• Tendons are naturally elastic bands that link muscles to the bones. They also stretch over your wrist joints. So, when you move your hands inappropriately while doing deadlifts, the popping will be heard or felt. That happens because your wrist tendons tend to move quickly across the joint and then snap back immediately. The pop will notify you that you are doing your deadlifts incorrectly.
  • For other people, the cause of wrist popping may not be the incorrect deadlifts. Actually, they may be experiencing wrist popping because of muscles tension buildup due to recurring move with inappropriate techniques, inflammation, and misalignment of the structures bounded around their wrists.
  • Wrist popping could as well be caused by a pre-existing injury which seems to be worsening. When you feel wrist popping after an injury, make sure you stop worsening the situation and start remedying the damage caused.

Which muscles help stabilize the wrist for deadlifting?

In this section, you will learn about the main muscles that help to stabilize your wrist. These wrist stabilization muscles start from your forearm. These muscles are interlocked with ligaments and tendons to make the wrist function normally. Wrist stabilization muscle helps in controlling the actions of your fingers and thumb. The muscles also help in the stabilization of your wrist during ligament deficiency.

One of the key muscles responsible for the stabilization of ligament-deficient wrists is midcarpal muscle. It causes supination of forearm muscles after an isometric contraction. These muscles include the abductor pollicis longus muscle, extensor carpi radialis muscle, and the flexor carpi ulnaris muscle. Another muscle known as extensor carpi ulnaris muscle tightens the volar scaphoid distal row ligaments to prevent the breakdown of scaphoid of your wrist from collapsing. Midcarpal pronator muscles stabilize wrists that have ulnar-sided ligament deficiency. They stabilize the wrist by tightening a ligament called triquetrum-distal row.

Wrist Anatomy

The anatomy of your wrist joint is very complex than most of the joints in your body. To understand how wrist popping occurs during deadlifts you need to comprehend the wrist anatomy. This section includes how the wrist is made and how it operates.

In essence, the bones in your hands and wrists help to provide the rest of the body with flexibility and support for manipulating objects in different ways. Every hand has 27 distinct bones which make the hand have an amazing range of motions. For instance, the hands play a huge role in deadlifting. The muscles, bones, tendons, nerves, and ligaments play a role in balancing the bar and help the body to perform deadlifts. Your forearm’s radius and ulna provides support to the muscles that manipulate the bones in your hands and wrists. When the radius rotates around the ulna, the hand supinates and pronates. These two bones make your wrists to be flexible on the joints with the carpals’ proximal row. Your wrist should always be flexible to give your hands a complete range of motion. The wrist contains 8 small bones that are known as carpal bones.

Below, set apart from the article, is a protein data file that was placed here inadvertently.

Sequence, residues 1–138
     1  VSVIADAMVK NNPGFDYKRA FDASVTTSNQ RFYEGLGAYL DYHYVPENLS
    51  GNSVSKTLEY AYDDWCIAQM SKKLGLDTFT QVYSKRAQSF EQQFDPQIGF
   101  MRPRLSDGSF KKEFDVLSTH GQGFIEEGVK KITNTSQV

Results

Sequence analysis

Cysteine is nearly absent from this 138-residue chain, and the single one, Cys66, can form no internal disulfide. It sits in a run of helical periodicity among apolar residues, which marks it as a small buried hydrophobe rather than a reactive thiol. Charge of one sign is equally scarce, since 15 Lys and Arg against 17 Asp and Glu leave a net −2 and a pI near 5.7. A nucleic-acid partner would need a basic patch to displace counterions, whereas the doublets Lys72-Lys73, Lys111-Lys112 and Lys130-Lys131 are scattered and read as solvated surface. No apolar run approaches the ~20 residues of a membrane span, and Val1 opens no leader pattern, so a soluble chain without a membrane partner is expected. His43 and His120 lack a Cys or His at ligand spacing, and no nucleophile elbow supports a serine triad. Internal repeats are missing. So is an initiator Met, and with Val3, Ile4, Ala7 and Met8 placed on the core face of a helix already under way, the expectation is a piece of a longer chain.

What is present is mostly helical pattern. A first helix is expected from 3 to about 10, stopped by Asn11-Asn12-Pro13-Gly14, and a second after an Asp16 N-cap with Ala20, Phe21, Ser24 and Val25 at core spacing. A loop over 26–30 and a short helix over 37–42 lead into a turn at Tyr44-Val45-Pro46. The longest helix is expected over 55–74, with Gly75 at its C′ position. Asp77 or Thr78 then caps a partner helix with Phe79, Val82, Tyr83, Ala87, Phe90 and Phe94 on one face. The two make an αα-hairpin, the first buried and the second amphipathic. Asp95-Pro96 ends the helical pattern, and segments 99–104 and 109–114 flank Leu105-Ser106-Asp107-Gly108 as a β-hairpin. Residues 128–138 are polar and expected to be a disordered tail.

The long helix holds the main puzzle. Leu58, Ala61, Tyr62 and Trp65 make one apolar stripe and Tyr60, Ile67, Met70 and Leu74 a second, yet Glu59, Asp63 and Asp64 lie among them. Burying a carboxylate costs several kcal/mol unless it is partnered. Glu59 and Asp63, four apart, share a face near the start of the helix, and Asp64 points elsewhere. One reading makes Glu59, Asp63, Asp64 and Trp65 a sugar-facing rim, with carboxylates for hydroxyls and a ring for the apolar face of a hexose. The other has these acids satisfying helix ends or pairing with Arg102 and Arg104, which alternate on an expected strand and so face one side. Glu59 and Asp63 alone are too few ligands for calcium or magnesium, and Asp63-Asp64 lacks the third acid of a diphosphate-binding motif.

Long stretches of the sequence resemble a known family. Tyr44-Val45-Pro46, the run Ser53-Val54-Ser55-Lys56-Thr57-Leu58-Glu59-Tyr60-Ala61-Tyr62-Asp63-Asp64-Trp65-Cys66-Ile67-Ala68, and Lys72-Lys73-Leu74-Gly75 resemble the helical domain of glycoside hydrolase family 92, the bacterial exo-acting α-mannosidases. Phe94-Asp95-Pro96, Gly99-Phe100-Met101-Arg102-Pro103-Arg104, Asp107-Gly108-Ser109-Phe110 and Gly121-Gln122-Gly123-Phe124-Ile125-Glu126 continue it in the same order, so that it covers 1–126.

The carpal bones in your wrist are bound into two rows of 4 bones each. These mass of these bones round on the proximal end to join with the ulna and radius in the wrist. The carpus bone mass is concave at the palmar side. It then forms a carpal tunnel where ligaments, tendons, and nerves are linked to the palm. The distal surface joins with metacarpal bones that are articulated by palmar carpometacarpal ligaments to the carpus. So, any strenuous action on the joints of your wrist will tamper with the wrist anatomy. That is why, for instance, you will likely feel wrist popping when performing deadlifts incorrectly.

How to manage unusual wrist popping symptoms from deadlifting

When there is nothing that is accompanied by the pop sound in your wrist, just do the following home remedies.

  1. Resting your wrist for at least three days. During this period, avoid any strenuous activity.
  2. Apply ice since it decreases pain, swelling and tissue damage. Simply place the crushed ice on your wrist for about 25 minutes every hour.
  3. Compressing using an elastic bandage to prevent swelling and support the wrist to hasten the healing process.
  4. Physical therapy can strengthen your wrist and enhance the limited range of motion.

Signs that you need doctor assessment after wrist popping from deadlifts

Although wrist popping is a normal event, it is nothing to worry much for both adults and kids. Wrist popping can occur because of degenerative disorders which make the wrist joint to be susceptible to the “pop” sound. Unless the wrist popping is accompanied with the following symptoms you do not need to see a doctor. Instead, you can manage it as highlighted above (home remedies). These signs include; severe pain, swelling, bruising, limited range of motion, locking of the wrist after popping.